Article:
plumed caps ; there was Magellan, with serious 
countenance, awaiting the beginning of the rite; 
and there, strangest of all, stood the two swarthy 
kings, with painted faces, decked out in fantas- 
tic and savage finery, surrounded by their dark- 
featured and half-nude courtiers, watching with 
keen interest the scene that was being en- 
acted before them. On the smooth strand an 
altar had been set up , with lighted candles, and 
lace draperies, and such other ornaments as had 
been brought for religious purposes on the voy- 
age; and before it now appeared two priests, 
with shaven heads and long embroidered copes. 
Just before the mass began, Magellan advanced 
to the two kings ; and taking his place between 
them, gently sprinkled them with musk-rose 
water. Then the cannon boomed from the ships; 
and this deafening noise was succeeded by the 
clear voices of the priests rising in the intonation 
of the sacred words. At one period of the cere- 
mony, the Christians went forward and kissed a 
cross, held by one of the priests; and their ex- 
ample was followed by the barbarian monarchs 
and their subjects. When the host was elevated, 


all, including the natives, prostrated themselves 
on the gro.und ; and at this moment the cannon 
once more pealed forth from the decks of the 

Mass over, Magellan ordered that the more 
lively and worldly festivities should begin; and 
the kings watched with wonder and delight the 
skilful fencing, and the rou^:jh martial sports, in 
which the Spaniards now lustily engaged. They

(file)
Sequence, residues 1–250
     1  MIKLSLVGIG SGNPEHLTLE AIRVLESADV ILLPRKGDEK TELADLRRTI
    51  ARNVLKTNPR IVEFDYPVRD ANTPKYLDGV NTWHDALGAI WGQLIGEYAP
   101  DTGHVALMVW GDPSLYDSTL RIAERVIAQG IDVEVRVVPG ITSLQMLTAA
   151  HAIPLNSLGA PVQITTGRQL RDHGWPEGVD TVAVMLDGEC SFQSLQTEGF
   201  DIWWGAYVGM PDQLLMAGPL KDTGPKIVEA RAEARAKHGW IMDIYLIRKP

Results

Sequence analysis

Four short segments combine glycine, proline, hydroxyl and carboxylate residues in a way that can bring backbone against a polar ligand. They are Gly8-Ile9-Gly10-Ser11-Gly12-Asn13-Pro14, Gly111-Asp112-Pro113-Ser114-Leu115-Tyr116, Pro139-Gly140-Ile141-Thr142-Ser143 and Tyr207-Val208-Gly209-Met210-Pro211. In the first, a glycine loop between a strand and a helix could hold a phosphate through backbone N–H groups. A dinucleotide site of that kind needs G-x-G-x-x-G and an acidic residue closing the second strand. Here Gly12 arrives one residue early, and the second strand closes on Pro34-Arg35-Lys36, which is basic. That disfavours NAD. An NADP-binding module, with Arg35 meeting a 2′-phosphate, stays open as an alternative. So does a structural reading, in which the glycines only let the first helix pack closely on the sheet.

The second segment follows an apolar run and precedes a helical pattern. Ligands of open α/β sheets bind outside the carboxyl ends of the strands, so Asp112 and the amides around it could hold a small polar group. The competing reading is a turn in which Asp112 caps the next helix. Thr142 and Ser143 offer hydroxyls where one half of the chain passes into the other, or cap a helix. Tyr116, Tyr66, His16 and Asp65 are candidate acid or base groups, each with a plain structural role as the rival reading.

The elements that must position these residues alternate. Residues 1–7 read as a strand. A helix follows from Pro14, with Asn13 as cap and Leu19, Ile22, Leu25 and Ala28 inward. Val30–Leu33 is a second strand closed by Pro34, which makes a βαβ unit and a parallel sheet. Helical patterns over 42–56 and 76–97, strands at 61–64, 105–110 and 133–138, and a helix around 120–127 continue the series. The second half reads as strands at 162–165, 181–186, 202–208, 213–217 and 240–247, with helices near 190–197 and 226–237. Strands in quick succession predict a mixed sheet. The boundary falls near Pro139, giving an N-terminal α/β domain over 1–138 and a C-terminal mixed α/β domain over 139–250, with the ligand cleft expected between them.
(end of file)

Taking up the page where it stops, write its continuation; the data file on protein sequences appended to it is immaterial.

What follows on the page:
were amazed at the strength of the wrestlers; 
witnessed breathlessly the shooting matches, for 
which targets were set up on the strand; and 
looked on eagerly while rough games of many 
kinds were played by the strangers. 

There was one more task for Magellan to per- 
form, ere he left these hospitable isles. He was 
now in regions, the discovery and possession of 
which Spain and Portugal disputed between 
them. Although himself by birth a Portuguese, 
Magellan owed now his allegiance to the king 
of Spain, who had trusted him, and confided 
to him the command of the fleet. As the two 
countries aspired to divide the eastern world be- 
tween them, it was necessary for him to have a 
care for the interests of the sovereign he served, 


and to take possesion of the places where he 

Not very far from the shore where mass had 
been celebrated, rose a lofty and verdant hill, 
the summit of which, however, was quite bare. 
It. was the highest eminence on the island; the 
top could be discerned from a great distance, 
by a ship at sea. Upon the summit Magellan re- 
solved to erect a cross, surmounted by a wooden 
crown, as a token that he had taken possession 
of the island in the name of the Spanish king. 

It was not difficult to persuade the king of 
Mazzava to allow him to do this. The barbarian 
monarch was told that King Charles had com- 
manded such crosses to be raised wherever his 
voyagers went ; that if, in future, any Spanish 
ships came to Mazzava, they would know, by the 
cross, that it was a friendly country, and would 
commit no violence on the people ; and that if 
any of his subjects were ever ill-treated by Span- 
iards, they would make full reparation, as soon as 
the cross was shown to them. 

Magellan did not forget to add a pious lesson 
to these persuasions. He assured his royal host 
that the cross was the symbol of the Christian 


deity ; and that, if he and his people would, at 
the approach of danger, fall down, and adore it, 
no harm could come to them ; neither thunder,